Friday, April 22, 2011

Notes from Tel Aviv: Cafe Ma

(Ed.: Over the past few weeks, Middle East Bureau Chief Andrew has enjoyed delights such as life-altering hummus, shakshouka, and a full Passover seder, and he even went on an almost-successful quest for hamantashen at Lehamim Bakery.  Today, however, in his second report, he describes an idiosyncratically comforting "American" meal at Cafe Ma on Herzl Street in Rehovot.)

It would be easy to miss Cafe Ma without a local or experienced foreigner to introduce you—this restaurant and bar is nestled in between two car dealerships on the second floor of a hardware store (first floor by the European and Israeli convention). Upon ascending the stairs and entering the restaurant, the atmosphere is surprisingly warmer than one might expect from the surroundings, and it would appear to be at home in any other Western country. In addition to indoor seating, a small room on an enclosed balcony with windows provides room for a few more tables.

This restaurant is notable for being one of the minority secular establishments in religious Rehovot. Normally, I don't even think about whether a restaurant is kosher or not, because the food may be delicious regardless. However, being secular enables them to serve a cheeseburger, as well as actual bread during Passover. Until finding Cafe Ma I had considered observing a moment of silence for the absence of the cheeseburger, but then realized that one person observing a moment of silence does not really make a point.

I of course had the cheeseburger, preceded by some kind of eggplant appetizer and followed by the pictured dessert. The eggplant was a little overcooked, which generally tends to happen in restaurants, for reasons unknown to me. The cheeseburger had goat cheese and steak fries, with extremely generous portion sizes. If I did my mental metric conversion properly, you can get a burger up to a pound in size, and the smallest size is still quite formidable. The beef was high quality in contrast to other restaurants I've been to in this country. The dessert was as decadent as it looks, with extremely smooth and rich vanilla ice cream, light cookies, and raspberry sauce. It is perhaps best to attack the dessert with the help of one or two others, and it seems bringing a large group of people will lead to a free round of vodka anyway. It's a win-win situation.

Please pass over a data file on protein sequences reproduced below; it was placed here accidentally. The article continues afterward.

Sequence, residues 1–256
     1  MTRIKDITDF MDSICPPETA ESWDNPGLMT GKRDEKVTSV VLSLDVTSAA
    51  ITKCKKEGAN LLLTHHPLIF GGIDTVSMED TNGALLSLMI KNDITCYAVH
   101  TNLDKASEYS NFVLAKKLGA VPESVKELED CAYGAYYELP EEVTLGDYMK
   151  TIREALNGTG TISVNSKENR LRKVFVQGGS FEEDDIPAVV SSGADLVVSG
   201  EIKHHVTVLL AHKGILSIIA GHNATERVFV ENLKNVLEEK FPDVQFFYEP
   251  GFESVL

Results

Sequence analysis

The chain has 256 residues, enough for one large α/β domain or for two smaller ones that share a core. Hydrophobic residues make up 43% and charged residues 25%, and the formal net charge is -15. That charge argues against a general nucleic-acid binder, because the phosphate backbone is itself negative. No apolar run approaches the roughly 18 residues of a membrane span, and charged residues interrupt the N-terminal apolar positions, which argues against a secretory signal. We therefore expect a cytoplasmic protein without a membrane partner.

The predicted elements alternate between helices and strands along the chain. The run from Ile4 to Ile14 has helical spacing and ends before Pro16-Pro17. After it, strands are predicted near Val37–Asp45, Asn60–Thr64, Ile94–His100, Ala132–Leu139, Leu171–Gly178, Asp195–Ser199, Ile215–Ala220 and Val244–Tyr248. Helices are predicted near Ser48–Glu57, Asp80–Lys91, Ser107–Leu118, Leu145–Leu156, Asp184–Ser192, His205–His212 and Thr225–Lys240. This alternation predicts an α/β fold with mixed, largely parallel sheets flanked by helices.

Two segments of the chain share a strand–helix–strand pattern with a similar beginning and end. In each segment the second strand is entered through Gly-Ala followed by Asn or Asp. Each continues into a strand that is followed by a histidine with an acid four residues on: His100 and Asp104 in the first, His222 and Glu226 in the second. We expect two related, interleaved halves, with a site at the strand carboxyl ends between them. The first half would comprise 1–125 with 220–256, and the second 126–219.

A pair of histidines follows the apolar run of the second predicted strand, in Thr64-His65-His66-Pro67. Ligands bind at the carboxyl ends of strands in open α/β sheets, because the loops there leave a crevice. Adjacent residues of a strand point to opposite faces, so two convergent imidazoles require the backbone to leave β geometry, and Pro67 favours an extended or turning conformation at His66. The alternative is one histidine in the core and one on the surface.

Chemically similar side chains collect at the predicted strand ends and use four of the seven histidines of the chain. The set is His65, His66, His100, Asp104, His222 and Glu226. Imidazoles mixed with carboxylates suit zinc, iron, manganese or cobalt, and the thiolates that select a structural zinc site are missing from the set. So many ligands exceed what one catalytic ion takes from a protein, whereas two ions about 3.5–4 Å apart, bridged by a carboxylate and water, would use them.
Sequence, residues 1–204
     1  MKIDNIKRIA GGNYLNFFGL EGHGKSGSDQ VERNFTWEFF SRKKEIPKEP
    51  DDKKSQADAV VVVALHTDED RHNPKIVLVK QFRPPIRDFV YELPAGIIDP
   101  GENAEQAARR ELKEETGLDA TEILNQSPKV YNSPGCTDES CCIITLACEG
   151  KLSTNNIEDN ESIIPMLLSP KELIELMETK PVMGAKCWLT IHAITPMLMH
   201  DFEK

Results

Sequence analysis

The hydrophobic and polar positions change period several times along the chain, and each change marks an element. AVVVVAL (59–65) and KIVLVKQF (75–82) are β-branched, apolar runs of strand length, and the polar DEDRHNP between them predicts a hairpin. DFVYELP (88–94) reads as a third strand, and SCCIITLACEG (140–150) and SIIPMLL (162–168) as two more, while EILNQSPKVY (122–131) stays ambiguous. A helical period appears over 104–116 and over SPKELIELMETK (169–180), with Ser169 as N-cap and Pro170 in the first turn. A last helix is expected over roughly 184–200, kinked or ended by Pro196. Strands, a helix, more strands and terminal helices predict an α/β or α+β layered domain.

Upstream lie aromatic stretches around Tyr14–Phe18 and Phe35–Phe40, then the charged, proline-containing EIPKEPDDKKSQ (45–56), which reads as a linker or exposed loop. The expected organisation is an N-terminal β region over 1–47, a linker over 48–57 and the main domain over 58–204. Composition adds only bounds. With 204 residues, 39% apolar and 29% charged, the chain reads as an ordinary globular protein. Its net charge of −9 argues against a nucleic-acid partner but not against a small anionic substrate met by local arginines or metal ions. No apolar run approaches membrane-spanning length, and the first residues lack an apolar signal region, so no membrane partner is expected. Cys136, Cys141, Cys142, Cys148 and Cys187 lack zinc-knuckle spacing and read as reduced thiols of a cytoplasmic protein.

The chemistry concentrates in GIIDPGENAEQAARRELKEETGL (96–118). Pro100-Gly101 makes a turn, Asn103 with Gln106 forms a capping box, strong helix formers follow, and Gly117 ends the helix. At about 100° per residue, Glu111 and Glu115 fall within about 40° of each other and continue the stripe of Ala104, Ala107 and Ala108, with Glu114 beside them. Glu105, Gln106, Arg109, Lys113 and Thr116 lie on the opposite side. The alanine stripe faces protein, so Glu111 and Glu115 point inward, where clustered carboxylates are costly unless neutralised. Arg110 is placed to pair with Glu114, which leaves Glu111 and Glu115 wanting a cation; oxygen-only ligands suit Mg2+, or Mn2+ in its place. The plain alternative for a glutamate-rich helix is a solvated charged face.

One cannot really complain about Cafe Ma, other than perhaps for the second-hand smoke—although this is more of a general problem with going out in Israel, and so I can't place the blame entirely on the restaurant itself. The inspiration for their name is also a little bizarre, coming from the Japanese for "gap," with the napkins giving some story about Japanese Noh flutes and general "what is the sound of no hand clapping?"-type nonsense. Apparently, peculiar misinterpretations of Japanese culture know no geographical bounds. All in all, for what you pay, it is easy to leave feeling satisfied, and occasionally it is pleasant to find food that is familiar to my American palate.